Okay, let me get the controversial stuff out of the way first.  I’ve got some really bad news for fans of traditional, hand-drawn 2D animation.  Sorry to be the bearer of bad news, but it’s over.  I started thinking this way last fall when I saw Frozen.  What artists are able to do both technically and in storytelling with computer animation has gotten so good that it’s really rendered 2D animation obsolete.  Frozen was a gorgeous, stunning film to look at.  There’s just no way animators could have drawn all those individualized snowflakes or created the physical attributes the CG snow possessed.  The computer is also able to create realistic physical effects like wind and light.  I know “Let It Go” was the big, breakout hit song from the film, but re-watch the “For the First Time in Forever” sequence, particularly the parts where Anna is interacting with the oil paintings in the castle.  There is a richness and vibrancy to those images that couldn’t be created any other way.  It doesn’t end there.  CG characters are created with skeletons and musculature, so they are able to move in very specific and subtle ways; ditto with facial expressions.  Computer animation provides unparalleled capacity for expressive character animation (often using the motion capture of an actor), and it’s only going to be better and better.

*Please note that this article is an opinion-editorial.

Memorial Day weekend 1999 contained one of the very worst film going experiences of my lifetime.  I was a high school English teacher at the time, and, due to some underhanded office politics, I had been passed over to teach the film class at the school where I worked.  The retiring teacher who was giving up the film class had taken a dislike to me and saw to it that I not take over her class.  The school’s normal procedure of filling positions from within before going to outside candidates was subverted and a less qualified middle school teacher was given the job.  This was in the previous spring of 1998.  In May of 1999, near the end of the school year, the new film teacher came to me and invited me to attend a special screening with her classes.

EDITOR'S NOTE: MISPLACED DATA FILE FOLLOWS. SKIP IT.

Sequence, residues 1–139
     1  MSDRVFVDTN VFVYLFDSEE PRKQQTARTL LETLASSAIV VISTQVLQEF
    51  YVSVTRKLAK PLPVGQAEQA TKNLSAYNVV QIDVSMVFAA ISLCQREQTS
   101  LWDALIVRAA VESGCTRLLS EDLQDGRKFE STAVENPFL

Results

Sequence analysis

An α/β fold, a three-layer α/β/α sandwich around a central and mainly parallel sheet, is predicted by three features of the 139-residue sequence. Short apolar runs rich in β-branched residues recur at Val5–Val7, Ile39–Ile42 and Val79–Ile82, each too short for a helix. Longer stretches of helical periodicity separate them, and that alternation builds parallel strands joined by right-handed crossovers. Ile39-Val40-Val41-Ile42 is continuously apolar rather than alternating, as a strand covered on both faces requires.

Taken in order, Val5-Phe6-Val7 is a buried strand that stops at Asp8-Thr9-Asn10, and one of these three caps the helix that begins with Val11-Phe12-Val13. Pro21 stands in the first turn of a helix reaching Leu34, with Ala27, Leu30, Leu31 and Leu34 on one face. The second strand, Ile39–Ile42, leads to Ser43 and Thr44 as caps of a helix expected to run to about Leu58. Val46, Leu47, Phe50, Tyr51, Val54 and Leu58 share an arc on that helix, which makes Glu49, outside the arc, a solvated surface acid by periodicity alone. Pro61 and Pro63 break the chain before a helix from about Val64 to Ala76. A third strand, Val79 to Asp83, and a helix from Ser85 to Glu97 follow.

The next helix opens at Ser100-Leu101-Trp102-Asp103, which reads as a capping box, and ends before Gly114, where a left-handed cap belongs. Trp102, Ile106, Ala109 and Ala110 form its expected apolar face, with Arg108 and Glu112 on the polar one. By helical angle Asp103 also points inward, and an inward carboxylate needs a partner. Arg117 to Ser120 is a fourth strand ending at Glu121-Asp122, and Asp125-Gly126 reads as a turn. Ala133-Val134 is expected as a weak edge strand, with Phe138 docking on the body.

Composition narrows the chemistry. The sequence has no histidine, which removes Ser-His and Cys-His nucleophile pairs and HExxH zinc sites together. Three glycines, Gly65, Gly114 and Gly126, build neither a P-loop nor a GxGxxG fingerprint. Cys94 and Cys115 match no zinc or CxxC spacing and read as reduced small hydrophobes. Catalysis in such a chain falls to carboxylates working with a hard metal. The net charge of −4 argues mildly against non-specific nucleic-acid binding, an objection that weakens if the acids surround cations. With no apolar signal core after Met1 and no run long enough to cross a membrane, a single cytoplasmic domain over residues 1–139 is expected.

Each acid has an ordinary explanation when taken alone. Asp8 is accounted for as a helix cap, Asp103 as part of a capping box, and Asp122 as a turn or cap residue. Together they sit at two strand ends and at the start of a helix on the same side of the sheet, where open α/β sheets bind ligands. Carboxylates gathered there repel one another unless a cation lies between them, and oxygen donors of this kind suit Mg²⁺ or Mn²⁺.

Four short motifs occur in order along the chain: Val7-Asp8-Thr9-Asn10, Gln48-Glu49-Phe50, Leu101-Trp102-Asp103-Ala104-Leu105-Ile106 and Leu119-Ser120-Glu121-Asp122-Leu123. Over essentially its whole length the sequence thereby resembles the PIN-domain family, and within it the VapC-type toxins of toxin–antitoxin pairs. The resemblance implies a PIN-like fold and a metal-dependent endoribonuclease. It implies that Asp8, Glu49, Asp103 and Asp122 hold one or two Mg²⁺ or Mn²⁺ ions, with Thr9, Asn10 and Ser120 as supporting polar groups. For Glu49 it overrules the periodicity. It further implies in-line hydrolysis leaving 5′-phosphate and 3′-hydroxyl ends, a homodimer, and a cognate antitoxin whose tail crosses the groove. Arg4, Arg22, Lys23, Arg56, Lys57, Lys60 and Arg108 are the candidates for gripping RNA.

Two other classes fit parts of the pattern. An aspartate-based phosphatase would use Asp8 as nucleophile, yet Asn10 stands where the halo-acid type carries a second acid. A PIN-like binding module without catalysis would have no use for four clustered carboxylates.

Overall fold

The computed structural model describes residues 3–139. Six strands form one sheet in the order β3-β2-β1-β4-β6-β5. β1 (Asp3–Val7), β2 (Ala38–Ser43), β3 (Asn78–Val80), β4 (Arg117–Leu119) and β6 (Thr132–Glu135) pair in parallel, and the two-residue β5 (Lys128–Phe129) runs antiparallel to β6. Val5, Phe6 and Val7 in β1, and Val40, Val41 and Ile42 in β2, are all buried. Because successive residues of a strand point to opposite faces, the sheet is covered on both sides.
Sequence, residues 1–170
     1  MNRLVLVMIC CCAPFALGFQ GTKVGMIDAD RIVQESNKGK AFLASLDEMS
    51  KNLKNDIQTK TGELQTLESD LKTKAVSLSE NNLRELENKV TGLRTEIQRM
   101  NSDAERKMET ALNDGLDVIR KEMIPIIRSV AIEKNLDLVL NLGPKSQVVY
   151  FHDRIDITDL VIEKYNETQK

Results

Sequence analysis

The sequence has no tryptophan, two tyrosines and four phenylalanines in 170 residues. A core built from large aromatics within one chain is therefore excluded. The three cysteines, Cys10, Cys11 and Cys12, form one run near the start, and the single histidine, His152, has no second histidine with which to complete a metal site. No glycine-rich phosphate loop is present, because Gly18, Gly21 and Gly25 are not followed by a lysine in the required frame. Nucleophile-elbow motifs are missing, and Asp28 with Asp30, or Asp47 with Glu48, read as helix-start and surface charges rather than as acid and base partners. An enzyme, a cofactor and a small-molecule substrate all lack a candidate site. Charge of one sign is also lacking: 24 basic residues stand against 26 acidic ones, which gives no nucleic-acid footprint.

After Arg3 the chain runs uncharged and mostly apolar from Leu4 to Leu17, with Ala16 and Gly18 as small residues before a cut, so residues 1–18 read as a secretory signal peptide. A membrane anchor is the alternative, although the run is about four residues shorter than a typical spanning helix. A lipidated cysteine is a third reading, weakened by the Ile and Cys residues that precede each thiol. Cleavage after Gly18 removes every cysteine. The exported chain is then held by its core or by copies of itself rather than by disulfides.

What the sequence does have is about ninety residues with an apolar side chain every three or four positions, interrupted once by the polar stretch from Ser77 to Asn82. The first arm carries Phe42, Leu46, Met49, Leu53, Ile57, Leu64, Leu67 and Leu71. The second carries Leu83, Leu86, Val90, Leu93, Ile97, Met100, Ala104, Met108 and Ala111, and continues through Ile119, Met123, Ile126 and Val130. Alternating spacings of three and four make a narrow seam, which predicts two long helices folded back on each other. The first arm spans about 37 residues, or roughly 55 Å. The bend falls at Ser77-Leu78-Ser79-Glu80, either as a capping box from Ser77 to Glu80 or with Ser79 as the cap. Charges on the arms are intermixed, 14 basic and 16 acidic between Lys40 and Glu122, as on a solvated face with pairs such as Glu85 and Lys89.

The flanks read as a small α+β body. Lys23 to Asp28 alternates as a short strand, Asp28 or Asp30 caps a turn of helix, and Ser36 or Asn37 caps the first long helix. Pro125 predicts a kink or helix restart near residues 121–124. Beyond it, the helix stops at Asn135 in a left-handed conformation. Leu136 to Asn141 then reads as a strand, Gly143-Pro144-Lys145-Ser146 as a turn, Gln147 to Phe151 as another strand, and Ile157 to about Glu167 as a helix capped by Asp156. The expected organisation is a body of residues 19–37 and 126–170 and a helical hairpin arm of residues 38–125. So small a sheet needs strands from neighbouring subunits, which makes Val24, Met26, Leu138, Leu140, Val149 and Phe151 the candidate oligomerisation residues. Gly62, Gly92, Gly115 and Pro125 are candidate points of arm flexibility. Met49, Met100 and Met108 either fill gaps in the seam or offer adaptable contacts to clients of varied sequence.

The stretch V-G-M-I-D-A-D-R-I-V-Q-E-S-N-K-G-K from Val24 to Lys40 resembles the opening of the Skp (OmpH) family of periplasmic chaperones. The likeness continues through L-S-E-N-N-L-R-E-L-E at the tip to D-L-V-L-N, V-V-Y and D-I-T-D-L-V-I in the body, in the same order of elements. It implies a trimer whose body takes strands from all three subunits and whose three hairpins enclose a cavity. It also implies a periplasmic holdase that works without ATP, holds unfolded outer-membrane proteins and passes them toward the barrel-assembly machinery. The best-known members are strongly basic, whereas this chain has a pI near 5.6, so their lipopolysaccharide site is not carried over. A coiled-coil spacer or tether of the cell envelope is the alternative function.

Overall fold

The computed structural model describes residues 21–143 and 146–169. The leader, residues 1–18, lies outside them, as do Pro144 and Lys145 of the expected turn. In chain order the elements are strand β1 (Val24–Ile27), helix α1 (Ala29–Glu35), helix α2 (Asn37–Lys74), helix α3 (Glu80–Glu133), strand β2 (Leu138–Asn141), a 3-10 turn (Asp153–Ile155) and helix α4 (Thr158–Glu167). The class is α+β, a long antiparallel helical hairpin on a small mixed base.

One of the bits of fallout that’s occurred since the massive success of The Avengers two years ago is that now all of the studios want a piece of that team-up action.  They all seem to be wanting to build a universe of film like Marvel has.  The bad news is it seems none of them wants to put in the work that Marvel did. Marvel made five movies that set the groundwork for The Avengers, but Warner Bros. seems to want to do it in two.  They just announced this week that their Batman/Superman mash-up will be called Dawn of Justice, which leaves little doubt that they’re going to try to cram the entire birth of the Justice League into one movie.  This puzzles me, because Warner Bros. is the studio that innovated the current trend of splitting the final book of a popular series into two films.  (To be totally fair, Deathly Hallows probably did need to be two movies, but Breaking Dawn?  Come on.)  Likewise, Sony has announced big plans to expand their Spider-Man films to include a Sinister Six movie and maybe even a Venom or Carnage picture.  The Amazing Spider-Man 2 isn’t exactly floundering at the international box office, but does anybody actually like it?

As a great big film nerd, I can’t ever underestimate the importance of Japanese giant monster movies as a very early influence of my love of movies.  This will date me a bit, but when I was growing up near the Kansas City area, one of the local TV stations (I want to say it was Channel 5, Kansas City’s CBS affiliate.) always had an afternoon movie that ran between 4:00 and 6:00 in the afternoon.  Eight-year-old me would get really excited when Channel 5 would have Monster Week for that afternoon movie slot.  It never really mattered to me how cheesy the special effects were (and, in retrospect, now as an adult, I find the idea of a grown man in a rubber monster costume stomping away at a miniature set of Tokyo to be endlessly charming).  There was something about Godzilla and his Batman-rivaling rogues gallery of enemies that really captivated me.  Also, eight-year-old me was keenly aware of just how incredibly lame Gamera was.  A giant turtle who protects annoying children?  Come on!  I am not one to wax nostalgic over childhood relics, but there’s no doubt that Godzilla and other giant monsters inspired me to seek out other forms of cinema.